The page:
Recently there was an horrific case where a mother decided her child would be better off dead than alive without her, and forced her autistic 12 year old son to drink bleach. I read a lot of comments in the press excusing the mother because she was unstable, and because of the difficulties in raising a non-verbal child.Aye, right DDT, Huntley was in Rampton before he was judged fit to stand trial and since sentencing has served his time in jail ( with the odd spell in hospital). That seemed a reasonable decision to me. I suppose I was trying to make the point, though probably not very well, that it is very hard to determine the extent to which people are bonkers or not. The bonkers defence saved Rudolph Hess from the rope and I still don't think anyone really knows just how deranged he was.
There are cases where there is no "reasonable doubt" - Myra Hyndley, Ian Brady, Peter Sutcliffe, Ian Huntley etc etc.
Three of those, Sutcliffe, Huntley and Brady are locked up in institutions for the criminally insane etc, etc.
Point of order. I'm pretty sure that Ian Huntley is still in a mainstream prison and has never spent time in a psychiatric institution. Also, don't forget that Ian Brady was fit to plea at his trial and didn't enter psychiatric care until he'd been behind bars for nearly twenty years.
I don't believe in the biblical eye for an eye but the question I was raising is whether the death penalty is right for someone who is "not all there". But a kind of reverse Catch 22 argument is that you have to be wrong in the head to murder someone. There are also degrees of bonkersness in the judicial system. One does not need to be totally off one's rocker to pursue a claim for diminished responsibility.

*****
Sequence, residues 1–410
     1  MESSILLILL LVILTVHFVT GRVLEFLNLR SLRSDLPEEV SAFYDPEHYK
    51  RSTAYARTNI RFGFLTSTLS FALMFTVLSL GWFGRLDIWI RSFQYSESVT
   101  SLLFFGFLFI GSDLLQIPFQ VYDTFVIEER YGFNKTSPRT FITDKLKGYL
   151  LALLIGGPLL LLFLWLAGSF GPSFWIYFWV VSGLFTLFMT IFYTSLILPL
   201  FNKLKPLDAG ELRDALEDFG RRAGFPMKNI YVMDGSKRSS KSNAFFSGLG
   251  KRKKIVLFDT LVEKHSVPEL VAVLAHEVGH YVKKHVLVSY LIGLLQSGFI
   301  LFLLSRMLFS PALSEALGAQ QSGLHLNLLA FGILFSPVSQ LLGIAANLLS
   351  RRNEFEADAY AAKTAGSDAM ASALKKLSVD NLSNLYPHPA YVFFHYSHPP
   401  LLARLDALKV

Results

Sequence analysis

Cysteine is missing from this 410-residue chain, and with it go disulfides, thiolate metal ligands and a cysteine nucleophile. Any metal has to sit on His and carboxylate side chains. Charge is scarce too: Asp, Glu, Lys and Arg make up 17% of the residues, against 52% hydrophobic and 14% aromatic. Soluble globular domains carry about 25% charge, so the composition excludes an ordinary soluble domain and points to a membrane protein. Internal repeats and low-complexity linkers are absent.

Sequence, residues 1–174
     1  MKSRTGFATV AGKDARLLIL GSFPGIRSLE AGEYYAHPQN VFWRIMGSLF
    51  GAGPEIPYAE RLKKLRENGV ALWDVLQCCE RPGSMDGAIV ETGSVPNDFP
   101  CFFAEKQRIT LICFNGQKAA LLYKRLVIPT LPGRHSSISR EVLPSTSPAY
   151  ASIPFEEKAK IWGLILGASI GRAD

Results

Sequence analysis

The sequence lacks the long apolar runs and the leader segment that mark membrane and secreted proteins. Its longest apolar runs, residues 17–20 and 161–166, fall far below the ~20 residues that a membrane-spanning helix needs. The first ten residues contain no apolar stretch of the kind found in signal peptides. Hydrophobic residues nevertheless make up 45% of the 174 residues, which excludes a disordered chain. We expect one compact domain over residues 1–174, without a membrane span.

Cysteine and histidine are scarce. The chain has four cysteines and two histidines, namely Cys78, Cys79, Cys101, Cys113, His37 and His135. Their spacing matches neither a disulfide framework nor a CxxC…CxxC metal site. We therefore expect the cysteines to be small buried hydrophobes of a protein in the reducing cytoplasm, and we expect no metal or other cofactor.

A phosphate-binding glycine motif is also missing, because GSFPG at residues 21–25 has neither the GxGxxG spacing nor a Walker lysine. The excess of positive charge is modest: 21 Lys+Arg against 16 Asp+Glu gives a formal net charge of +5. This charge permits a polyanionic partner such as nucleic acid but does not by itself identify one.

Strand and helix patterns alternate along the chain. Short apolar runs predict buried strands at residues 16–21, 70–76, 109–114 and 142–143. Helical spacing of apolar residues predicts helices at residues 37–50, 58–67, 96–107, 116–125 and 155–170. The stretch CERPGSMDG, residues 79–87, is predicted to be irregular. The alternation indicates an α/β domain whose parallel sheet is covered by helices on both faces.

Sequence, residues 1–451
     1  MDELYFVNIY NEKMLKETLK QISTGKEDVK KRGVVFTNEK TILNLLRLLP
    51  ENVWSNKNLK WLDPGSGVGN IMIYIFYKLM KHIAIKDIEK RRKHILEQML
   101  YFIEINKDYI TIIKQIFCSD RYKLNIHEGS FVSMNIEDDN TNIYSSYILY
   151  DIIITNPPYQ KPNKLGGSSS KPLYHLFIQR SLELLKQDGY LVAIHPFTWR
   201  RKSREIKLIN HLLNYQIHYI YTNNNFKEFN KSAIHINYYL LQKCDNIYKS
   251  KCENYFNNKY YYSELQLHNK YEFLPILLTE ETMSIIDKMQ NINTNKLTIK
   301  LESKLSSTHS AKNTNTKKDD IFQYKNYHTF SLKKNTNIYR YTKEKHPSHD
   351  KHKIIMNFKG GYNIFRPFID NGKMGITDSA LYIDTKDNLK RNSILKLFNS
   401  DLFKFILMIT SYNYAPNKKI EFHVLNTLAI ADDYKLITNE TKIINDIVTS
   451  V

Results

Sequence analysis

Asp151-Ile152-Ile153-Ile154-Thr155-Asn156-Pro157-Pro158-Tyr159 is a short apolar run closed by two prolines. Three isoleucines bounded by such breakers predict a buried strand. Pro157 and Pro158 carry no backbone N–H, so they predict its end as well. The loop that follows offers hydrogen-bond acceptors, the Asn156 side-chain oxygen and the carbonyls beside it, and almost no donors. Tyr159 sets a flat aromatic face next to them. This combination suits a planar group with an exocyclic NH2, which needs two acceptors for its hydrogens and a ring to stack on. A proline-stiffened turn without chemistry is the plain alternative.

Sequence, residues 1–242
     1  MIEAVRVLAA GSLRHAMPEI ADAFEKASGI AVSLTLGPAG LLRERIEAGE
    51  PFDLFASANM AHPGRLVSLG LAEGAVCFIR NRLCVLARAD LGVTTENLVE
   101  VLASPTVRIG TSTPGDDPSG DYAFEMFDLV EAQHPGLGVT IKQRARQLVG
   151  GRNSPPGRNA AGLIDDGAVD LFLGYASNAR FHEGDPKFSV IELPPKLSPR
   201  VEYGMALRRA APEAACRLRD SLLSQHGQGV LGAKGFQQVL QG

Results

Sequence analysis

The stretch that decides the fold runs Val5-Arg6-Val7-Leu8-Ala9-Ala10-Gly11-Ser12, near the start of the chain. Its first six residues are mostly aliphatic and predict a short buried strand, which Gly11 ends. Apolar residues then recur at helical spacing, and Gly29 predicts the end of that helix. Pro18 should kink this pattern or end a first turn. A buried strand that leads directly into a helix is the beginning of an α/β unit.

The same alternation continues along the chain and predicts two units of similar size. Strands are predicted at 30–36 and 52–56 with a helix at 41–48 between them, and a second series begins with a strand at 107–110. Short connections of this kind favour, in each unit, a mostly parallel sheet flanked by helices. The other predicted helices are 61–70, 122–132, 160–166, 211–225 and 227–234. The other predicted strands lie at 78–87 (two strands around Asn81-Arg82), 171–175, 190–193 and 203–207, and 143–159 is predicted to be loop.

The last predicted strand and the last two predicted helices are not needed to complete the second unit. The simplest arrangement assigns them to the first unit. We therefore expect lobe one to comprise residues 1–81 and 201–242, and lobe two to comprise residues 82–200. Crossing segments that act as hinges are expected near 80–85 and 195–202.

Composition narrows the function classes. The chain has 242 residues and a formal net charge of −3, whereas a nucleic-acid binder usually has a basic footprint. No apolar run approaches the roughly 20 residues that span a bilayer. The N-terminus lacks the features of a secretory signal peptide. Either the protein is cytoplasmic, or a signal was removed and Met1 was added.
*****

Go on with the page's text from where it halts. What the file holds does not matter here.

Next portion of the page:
Another argument against the death penalty is the question of whether it is good for society as a whole. Evidence has been presented in the past recording rises in violent crime around the time of executions.
It also seems pretty clear that many murderers are products of deprived or violent families and sometimes the origins of this violence were what we might call "state sponsored". Mira Hindley's father was an ex-para in the Second World War when his propensity for violence against the enemy would have been regarded as commendable. But when he applied this violence to the upbringing of his daughter it created a woman not only anaesthetised to suffering but probably also taking pleasure from exercising power and seeing others suffer.
Meeting brutality with brutality is not the way to create a civilised society.
One can only imagine how the boy must have suffered before he died. Whether it was madness, despair, or any combination of both on the mother's part, I have to admit that this is where the eye-for-an eye stuff starts sounding good to me. However I am opposed to the death penalty for all of the reasons Godot and the others mentioned and also because her death would not bring the child back.
It was fundamentally wrong for this woman to play god with her child's life, and in my opinion it would be just as wrong for the state to take this same responsibility regarding the mother's life upon itself, for whatever reason.